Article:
To sum things up, power drills provide decent torque for lightweight fasteners and drilling, but impact drivers will provide the most power for fastening larger screws into dense wood. Power drills are more versatile in the respect that they will take almost any bit type, whereas an impact driver requires hex bits only. Power drills also commonly feature a clutch - impact drivers typically do not, though this trend is gradually changing. Impact drivers will make a bit more noise than their power drill counterpart, but they make up for the noise factor with a compact design for easy transport and storage.
    All in all, the best tool for dad really depends on the type of project he likes to do. If dad is into heavy-duty fastening, the impact driver is probably your best bet. If he likes to tinker around the house with light to medium-duty projects, consider the power drill. Most avid woodworkers will want to keep both tools on hand, so at the end of the day, you really can't go wrong with either of the two.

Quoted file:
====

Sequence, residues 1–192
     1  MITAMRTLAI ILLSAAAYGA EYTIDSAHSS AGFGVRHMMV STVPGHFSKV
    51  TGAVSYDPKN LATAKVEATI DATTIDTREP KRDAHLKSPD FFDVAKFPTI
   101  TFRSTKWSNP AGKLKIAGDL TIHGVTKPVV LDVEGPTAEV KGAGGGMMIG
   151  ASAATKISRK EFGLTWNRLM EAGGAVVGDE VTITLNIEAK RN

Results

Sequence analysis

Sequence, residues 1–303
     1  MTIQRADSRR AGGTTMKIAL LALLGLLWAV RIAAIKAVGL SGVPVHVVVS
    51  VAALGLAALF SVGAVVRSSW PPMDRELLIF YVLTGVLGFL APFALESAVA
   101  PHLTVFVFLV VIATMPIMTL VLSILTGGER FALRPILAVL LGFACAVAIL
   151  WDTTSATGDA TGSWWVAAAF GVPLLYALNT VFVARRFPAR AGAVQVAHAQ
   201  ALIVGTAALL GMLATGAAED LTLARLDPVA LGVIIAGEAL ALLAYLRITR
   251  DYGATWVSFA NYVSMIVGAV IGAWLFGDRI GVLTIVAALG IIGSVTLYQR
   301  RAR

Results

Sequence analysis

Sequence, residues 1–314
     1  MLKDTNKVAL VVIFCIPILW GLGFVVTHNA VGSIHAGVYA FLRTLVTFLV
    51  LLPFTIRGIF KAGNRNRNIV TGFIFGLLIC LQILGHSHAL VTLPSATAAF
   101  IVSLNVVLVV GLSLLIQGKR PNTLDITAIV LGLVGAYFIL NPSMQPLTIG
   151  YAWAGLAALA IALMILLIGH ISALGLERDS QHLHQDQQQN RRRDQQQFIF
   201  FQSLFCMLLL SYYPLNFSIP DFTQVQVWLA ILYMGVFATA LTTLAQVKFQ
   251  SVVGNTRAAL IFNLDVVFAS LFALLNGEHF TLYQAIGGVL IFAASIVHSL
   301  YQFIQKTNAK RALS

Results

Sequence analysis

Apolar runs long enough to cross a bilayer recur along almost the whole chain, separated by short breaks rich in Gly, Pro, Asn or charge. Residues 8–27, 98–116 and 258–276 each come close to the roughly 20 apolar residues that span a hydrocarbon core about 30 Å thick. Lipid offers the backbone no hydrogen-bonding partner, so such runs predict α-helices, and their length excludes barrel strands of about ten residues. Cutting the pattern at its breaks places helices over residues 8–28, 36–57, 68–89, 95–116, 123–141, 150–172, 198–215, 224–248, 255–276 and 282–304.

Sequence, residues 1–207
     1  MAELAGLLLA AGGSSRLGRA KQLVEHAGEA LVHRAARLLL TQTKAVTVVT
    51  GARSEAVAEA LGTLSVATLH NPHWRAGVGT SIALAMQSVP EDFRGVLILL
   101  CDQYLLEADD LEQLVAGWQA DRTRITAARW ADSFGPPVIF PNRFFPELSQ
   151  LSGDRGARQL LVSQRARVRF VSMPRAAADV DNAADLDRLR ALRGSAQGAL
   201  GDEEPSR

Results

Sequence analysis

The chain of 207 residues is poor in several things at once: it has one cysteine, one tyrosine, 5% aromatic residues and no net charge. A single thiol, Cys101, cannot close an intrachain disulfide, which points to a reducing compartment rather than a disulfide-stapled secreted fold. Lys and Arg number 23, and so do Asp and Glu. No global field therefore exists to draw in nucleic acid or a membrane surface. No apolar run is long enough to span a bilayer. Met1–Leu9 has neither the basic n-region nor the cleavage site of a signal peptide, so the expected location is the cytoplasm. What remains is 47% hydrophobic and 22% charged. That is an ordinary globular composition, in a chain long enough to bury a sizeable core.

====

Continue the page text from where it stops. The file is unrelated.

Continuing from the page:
Hitachi Hammer Drill
    One last tip to consider, keep in mind the difference between a power drill and a hammer drill too. Hammer drills are designed to provide additional torque from the rear, to drill or drive screws into concrete and other hard materials.
    Your Impact Driving Experts,
    The Team At Nail Gun Depot
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  • The Nail Gun Depot Father's Day Gift Guide 2015

    Father's Day is just a month away - hard to believe, right? Make sure dad gets a gift he will be able to use all year long. It's time to ditch the macaroni art and get dad tools he will love. Whether he's a contractor or an amateur woodworker, check out our top picks that are certain to give any dad a very happy Father's Day.
    Nail Gun Depot Father's Day Guide